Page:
December Jobs Report: What to Expect

WASHINGTON ( TheStreet) -- Will the December jobs report surprise the markets?

A strong ADP report on private sector job growth Wednesday has certainly set up expectations for a big number. Companies added 297,000 jobs in December, according to the latest ADP National Employment Report. That was nearly three times higher than the 100,000 jobs economists were expecting.

On Thursday, the Labor Department said initial weekly claims rose to 409,000 . But the overall trend has been down in the last several weeks, lifting hopes that layoffs were beginning to let up.

Still, economists maintain a more modest estimate for hiring growth, as the ADP report has been known to widely diverge from that of the Bureau of Labor Statistics (BLS). Economists expect the economy to have added 150,000 jobs in December, according to median consensus estimates available on Bloomberg as of Thursday morning. That is up from 135,000 ahead of the ADP report. Estimates will continue to be revised in the run-up to the report but largely ranged from as low as 98,000 to 240,000 on the higher end.
Now Hiring

So what will it take to move the needle on Friday? John Canally of LPL Financial believes that a figure closer to the upper end of estimates, "something north of 215,000," will probably satisfy the market. An upward revision in the November jobs estimates would provide a further boost to sentiment.

A weaker-than-expected November jobs report cast doubts on the recovery story last month, confounding experts who had forecast a stronger number amid evidence of an uptick in other areas of the economy.

According to Patrick O'Keefe, director of economic research at audit firm J.H. Cohn and a former deputy assistant secretary in the Department of Labor, there are reasons to believe the November report was just a blip. Not only did the latest ADP report point to a stronger recovery in the jobs market, but the November report probably underestimated retail employment significantly.

"Retail employment dropped in November, which is atypical for that time of the year," said O'Keefe. "The proportion of retail sales by e-tailing reached a record. But to have a negative month-to-month figure was certainly anomalous. The number was unduly weak, and the seasonal adjustment factors may have overshot," he said.

Macy's ( M), Amazon ( AMZN), Kohl's ( KSS) and Best Buy ( BBY) were among those who said they would be hiring for the holiday season.

O'Keefe expects the BLS report to show either an upward revision in the November jobs estimate or a greater-than-expected improvement in retail employment.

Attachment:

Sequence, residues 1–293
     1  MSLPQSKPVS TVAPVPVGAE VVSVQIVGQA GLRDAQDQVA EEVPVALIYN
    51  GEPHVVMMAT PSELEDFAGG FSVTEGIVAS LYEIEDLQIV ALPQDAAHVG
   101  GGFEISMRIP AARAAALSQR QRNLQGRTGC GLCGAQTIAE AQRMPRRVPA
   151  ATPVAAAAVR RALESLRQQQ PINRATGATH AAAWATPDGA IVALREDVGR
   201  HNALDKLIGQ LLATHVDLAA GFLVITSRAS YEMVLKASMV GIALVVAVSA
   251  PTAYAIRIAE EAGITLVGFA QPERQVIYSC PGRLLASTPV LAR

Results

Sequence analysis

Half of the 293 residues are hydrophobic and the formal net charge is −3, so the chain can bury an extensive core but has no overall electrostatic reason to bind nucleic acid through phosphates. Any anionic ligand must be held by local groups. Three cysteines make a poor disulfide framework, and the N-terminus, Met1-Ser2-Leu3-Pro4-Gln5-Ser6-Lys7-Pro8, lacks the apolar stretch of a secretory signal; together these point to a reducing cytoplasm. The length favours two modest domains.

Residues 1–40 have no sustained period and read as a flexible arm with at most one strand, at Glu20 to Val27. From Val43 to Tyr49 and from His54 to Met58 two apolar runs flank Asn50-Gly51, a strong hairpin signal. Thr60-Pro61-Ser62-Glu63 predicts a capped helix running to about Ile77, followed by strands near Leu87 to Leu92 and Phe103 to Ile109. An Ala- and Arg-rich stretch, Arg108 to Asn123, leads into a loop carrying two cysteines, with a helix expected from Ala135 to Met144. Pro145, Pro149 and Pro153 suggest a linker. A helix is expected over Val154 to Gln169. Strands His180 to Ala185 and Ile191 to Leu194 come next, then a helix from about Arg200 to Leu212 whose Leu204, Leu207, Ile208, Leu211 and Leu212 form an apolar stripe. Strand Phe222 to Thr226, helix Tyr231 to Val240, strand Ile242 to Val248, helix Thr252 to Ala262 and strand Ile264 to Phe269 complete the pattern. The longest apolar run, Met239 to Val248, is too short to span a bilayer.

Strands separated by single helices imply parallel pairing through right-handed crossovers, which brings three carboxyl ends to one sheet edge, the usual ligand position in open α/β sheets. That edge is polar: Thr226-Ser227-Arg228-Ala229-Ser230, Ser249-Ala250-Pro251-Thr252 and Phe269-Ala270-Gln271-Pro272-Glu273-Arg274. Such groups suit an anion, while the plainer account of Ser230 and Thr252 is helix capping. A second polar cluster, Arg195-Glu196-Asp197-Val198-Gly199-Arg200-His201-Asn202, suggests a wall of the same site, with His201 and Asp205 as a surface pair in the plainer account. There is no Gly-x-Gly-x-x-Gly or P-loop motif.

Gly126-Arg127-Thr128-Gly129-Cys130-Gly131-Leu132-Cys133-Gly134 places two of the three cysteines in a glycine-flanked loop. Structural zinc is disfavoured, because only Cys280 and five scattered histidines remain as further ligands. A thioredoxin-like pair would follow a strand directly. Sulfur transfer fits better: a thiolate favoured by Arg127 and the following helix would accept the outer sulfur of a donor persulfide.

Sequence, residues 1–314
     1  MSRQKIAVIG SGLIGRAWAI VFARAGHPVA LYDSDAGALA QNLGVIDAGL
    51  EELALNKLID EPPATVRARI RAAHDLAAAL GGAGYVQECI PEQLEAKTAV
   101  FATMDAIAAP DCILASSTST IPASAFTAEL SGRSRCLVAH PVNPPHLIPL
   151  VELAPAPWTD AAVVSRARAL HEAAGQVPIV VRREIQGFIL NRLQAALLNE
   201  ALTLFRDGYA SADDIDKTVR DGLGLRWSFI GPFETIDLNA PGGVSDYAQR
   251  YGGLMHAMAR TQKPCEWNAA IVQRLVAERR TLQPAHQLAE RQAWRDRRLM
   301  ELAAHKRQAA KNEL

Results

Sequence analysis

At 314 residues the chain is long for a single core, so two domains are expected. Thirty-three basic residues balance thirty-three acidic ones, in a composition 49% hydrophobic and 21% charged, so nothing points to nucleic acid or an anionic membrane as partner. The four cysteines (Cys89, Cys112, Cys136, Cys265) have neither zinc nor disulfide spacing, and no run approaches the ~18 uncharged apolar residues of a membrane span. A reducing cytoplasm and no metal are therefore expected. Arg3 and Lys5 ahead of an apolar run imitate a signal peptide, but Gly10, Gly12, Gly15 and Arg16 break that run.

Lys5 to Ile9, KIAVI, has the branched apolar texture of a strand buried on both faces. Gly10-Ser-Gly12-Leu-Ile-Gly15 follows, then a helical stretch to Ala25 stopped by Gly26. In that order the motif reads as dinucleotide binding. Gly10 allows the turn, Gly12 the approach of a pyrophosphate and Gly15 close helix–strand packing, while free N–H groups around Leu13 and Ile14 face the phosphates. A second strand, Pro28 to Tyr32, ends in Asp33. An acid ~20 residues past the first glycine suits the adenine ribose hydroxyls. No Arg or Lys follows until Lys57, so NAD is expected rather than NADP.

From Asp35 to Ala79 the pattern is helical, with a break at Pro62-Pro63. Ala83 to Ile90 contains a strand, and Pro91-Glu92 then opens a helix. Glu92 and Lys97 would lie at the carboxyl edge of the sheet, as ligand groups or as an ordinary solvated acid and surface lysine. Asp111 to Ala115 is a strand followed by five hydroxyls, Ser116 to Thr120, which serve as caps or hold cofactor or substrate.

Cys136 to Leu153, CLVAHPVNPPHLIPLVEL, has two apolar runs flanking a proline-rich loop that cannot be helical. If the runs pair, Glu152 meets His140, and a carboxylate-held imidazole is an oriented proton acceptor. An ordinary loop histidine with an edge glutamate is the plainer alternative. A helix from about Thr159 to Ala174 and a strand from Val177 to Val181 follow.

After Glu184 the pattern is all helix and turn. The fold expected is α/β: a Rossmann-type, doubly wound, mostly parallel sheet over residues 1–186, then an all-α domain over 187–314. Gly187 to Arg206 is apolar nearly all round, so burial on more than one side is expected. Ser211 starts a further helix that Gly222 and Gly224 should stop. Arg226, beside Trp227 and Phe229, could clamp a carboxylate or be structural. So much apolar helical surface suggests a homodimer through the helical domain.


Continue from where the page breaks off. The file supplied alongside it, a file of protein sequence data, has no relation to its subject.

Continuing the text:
Still, with recovery expectations largely baked in, markets will be looking past the overall figure at another metric that has been stubbornly high throughout the recession: the unemployment rate.

Economists expect the rate to edge lower to 9.7%, according to consensus expectations from Briefing.com. But a spike in the unemployment rate may not be that unexpected and, in fact, is probably inevitable in a recovering jobs market.

The unemployment rate counts only those workers who are actively seeking jobs. It does not count discouraged workers -- those who want and are available for work but have not sought a job in the last four weeks. As the economy recovers and more job openings are created, previously discouraged workers start applying for jobs and start to get included in the unemployment count.

There were 1.3 million discouraged workers in November, according to the household survey, all of whom could potentially re-enter the workforce as the economy recovers.

"I won't be surprised to see the unemployment rate above 9% in 2011, assuming strong growth in the second half," says TC Robillard of Signal Hill Capital, who covers staffing companies. "The unemployment rate is definitely a number that the average citizen watches, and that all funnels into the consumer-driven economy. But it is not the most important factor."

Still, the unemployment rate will likely get its fair share of attention on Friday, as it remains a key concern for the Federal Reserve. The central bank has indicated that it will continue its $600 billion quantitative easing program as unemployment levels remain uncomfortably high and inflation remains subdued.

Robillard says investors should focus on the overall trend in the coming months rather than the actual number. "The volatility in the month-to-month figures must be taken with a grain of salt." he said. "The big focal point will be the consistency in the positive job creation month to month. As we start to get to the second half of the year, the numbers will gain momentum. That is when we should look at the absolute numbers."

O'Keefe says investors should watch out for a drop or slowdown in temporary hiring. "Temporary help hires account for 2% of all private sector employment, but ... has accounted for 25% of all net new private sector jobs (since the recession began)," says the economist.

Companies have been hiring temporary workers to meet the needs of recovering demand, as they have not been confident enough about the recovery to make permanent hires. "If we see a reduction in temporary hires or if temporary hires remain flat while everything else ticks up that would mean that companies are willing to move on from dating and get married," says O'Keefe.

Another factor the analyst will focus on will be the number of individuals underemployed. A reduction in the number would mean employees are working more hours and are getting paid more, all necessary for consumer confidence to improve.

--Written by Shanthi Bharatwaj in New York

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